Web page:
Independent Study and Team Initiated Study

The purpose of Independent Study and Team Initiated Study courses is to provide students with the opportunity to study topics not ordinarily covered in regular College course offerings, to follow up on previous research, or to undertake projects not otherwise available through regular courses. These studies also may be concerned with more narrowly defined or more advanced material than that offered in regular courses. They must increase knowledge beyond that already gained, enhance analytical ability, and/or lead to higher skills acquisition. An Independent Study or Team Initiated Study need not be in the student’s major field of study, but requires sufficient background knowledge for analysis or description within a conceptual framework, i.e., aesthetic, ethical, historical, literary, scientific, sociological, etc.

Students should consult with a Faculty Sponsor during the thinking and planning stages of the study to help develop a course syllabus that is rigorous, has clear and measurable goals, and that includes clear assessment guidelines upon completion of the work. Together, the Faculty Sponsor and student(s) will develop a course syllabus for the study, which will be submitted to the Program Chair for review. The Faculty Sponsor must be from the Program in which the study is to be conducted. Faculty members are limited to involvement with a maximum of two (2) Independent Studies or Team Initiated Studies in any one (1) term.

Each academic program is responsible for providing guidelines and/or forms to students and faculty for the process required within the academic unit to review and approve Independent and Team Initiated Studies.

In addition, the Academic Program Council and College Faculty Assembly have set the following restrictions. Independent Studies and Team Initiated Studies:

  • may be proposed only by Sophomores, Juniors, and Seniors who are not on any type of probation (academic, social, or labor).
  • cannot duplicate regular College course offerings.
  • cannot be used to meet the Practical Reasoning (PR/PRQ) or any Perspective Area in the General Education Program.
  • may carry one (1) earned course credit; studies carrying earned credit have the following minimum GPA requirements at the time the study is approved: Sophomores, 3.00; Juniors or Seniors, 2.50.
  • may be approved as not-for-earned-credit (available only in Summer terms) provided the Sophomore, Junior, or Senior has a minimum 2.00 overall GPA at the time the study is approved.
  • may meet the Active Learning Experience (ALE) requirement (see below).

Students who wish to propose an Independent or Team Initiated Study to meet the Active Learning Experience (ALE) requirement in the General Education Program must complete the ALE Criteria and Proposal form (which is attached to the Independent Study and Team Initiated Study guidelines) along with their proposed syllabus to the ALE Coordinator, who will be looking for these components:

  1. How well does the study explore the connections between theory and practice?
  2. Does the study include an ongoing reflection component (e.g., journal, blog, photo journal, or extensive interaction with onsite resource)?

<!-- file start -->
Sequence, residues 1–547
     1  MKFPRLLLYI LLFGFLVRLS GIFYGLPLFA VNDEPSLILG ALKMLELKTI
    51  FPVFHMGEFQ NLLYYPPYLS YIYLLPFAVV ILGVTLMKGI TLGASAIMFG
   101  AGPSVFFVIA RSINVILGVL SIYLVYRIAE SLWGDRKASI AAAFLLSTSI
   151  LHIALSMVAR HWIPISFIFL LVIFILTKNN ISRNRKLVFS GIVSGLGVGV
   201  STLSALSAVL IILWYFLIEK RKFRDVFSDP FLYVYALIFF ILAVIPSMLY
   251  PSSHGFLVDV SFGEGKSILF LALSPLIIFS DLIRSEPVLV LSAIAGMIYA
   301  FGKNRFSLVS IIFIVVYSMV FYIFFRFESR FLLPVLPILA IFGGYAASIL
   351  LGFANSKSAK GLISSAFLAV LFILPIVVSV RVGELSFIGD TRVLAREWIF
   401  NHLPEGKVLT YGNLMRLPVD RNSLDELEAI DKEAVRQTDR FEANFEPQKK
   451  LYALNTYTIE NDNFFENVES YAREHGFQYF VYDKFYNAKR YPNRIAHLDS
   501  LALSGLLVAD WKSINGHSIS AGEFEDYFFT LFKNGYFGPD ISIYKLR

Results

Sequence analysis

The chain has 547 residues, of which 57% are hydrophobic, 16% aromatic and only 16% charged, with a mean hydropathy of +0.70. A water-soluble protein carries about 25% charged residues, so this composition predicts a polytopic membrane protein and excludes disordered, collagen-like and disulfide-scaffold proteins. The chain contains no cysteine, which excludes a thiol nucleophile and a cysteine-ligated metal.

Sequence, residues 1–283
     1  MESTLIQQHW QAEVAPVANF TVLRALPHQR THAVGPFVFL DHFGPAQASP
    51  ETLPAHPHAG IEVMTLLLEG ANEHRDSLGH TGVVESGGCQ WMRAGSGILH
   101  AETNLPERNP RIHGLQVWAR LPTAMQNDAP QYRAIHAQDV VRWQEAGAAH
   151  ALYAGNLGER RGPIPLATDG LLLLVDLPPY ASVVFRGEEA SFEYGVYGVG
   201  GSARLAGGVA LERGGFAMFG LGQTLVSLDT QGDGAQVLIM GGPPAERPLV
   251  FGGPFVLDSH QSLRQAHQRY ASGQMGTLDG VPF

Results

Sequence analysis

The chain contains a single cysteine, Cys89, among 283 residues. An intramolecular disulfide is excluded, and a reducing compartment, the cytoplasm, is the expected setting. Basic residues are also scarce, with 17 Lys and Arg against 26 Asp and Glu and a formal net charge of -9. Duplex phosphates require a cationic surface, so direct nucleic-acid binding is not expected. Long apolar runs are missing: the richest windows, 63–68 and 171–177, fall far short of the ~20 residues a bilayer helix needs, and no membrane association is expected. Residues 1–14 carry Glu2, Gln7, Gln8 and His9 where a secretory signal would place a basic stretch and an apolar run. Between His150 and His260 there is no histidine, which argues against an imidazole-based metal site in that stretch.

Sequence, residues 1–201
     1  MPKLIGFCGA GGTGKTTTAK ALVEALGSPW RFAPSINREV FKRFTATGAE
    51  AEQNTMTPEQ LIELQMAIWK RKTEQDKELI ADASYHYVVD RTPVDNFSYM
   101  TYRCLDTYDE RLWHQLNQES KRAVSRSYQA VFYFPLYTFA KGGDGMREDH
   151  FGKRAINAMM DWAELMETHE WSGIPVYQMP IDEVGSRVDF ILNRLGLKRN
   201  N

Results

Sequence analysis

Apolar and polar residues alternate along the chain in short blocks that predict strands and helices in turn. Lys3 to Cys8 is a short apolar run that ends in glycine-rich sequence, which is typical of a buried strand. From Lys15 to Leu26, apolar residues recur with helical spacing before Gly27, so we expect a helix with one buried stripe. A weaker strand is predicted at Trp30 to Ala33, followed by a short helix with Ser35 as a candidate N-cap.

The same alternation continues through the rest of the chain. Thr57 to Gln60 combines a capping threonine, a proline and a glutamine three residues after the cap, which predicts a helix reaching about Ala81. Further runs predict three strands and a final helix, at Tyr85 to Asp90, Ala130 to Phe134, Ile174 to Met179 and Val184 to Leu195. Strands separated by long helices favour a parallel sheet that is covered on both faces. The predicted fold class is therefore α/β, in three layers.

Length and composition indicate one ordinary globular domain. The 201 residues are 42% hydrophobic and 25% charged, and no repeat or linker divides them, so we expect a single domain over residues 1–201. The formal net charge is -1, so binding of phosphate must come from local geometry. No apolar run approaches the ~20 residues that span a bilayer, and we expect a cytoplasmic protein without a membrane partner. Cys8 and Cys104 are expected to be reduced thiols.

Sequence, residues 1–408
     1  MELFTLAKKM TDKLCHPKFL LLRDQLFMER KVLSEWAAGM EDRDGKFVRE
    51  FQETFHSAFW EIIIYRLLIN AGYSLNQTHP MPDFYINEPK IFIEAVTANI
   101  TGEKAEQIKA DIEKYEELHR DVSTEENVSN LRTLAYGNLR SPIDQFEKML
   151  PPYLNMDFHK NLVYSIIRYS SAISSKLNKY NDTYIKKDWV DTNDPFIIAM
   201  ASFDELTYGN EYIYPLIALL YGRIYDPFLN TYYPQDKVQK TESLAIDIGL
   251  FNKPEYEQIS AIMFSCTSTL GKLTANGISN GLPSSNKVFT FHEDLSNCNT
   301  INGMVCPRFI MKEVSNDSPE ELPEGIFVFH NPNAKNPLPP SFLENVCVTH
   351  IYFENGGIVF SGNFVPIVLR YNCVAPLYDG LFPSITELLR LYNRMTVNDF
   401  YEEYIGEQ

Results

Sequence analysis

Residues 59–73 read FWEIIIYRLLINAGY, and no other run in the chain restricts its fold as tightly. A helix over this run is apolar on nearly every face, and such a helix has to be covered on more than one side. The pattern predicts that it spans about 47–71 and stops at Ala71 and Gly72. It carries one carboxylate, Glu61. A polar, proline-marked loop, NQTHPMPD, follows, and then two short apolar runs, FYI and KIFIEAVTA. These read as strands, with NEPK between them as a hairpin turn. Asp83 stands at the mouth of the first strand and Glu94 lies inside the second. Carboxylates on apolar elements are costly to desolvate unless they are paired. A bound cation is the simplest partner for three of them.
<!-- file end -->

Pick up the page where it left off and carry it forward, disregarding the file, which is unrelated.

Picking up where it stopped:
3. Does the study include a synthesizing project (performance, play, presentation, composition, or exhibition, including interaction with the on-site adviser or other on-site audiences).

Independent Studies are carried out by one student; Team Initiated Studies are carried out by two or more students. For-credit studies are designated as GST or (discipline pre-fix i.e., ART/CFS, etc.) 390/490 for Independent Study and 397/497 for Team Initiated Study, followed by an “A” for an ALE credit and B a non-ALE credit course. Independent and Team Initiated Studies also may be proposed as non-credit for Summer terms (which can carry only ALE credit, but do not count in the minimum total earned credits needed to graduate). Some types of non-credit studies are also eligible for ALE credit. Non-credit Independent Studies are designated as GST or (discipline pre-fix) 090 (A with ALE; B without ALE credit) and GST or (discipline pre-fix) 097 (A with ALE; B without ALE) for Team Initiated Studies.

Proposals under the General Studies rubric (GST) must demonstrate clearly the interdisciplinary nature of the project or be for disciplines not offered at Berea (provided there is a qualified Berea faculty member available to sponsor the study and it is approved by the Associate Provost). Otherwise, the student(s) should determine which academic program best fits the goals and scope of the study.

Studies involving international travel require consultation with and the signature of the Education Abroad Advisor and of the college's Student Health provider. Students on F-1 visas also must have the signature of the International Student Adviser for any off-campus study. Studies involving a budget for expenses must be reviewed and approved by a counselor in Student Financial Aid Services. No institutional funding will be provided for Independent Studies or Team Initiated Studies in international settings. (See “Education Abroad Policies” under Student Rights and Responsibilities for more information.)

With the approval of the Department Chair, the course syllabus will be submitted for registration to the Registrar. (See above eligibility requirements concerning probation and minimum GPA that must be met before the study can be registered.)


Berea College supports experiential education opportunities for students in the form of internships, and defines an internship as a supervised, credit-bearing, career-related learning experience in the workplace that allows students to apply knowledge acquired through their classes and studies to practical situations and problems. Such experiences promote engaged learning by helping students find connections between theory and practice, between learning in the classroom and learning outside the classroom, and between their academic interests and potential career possibilities.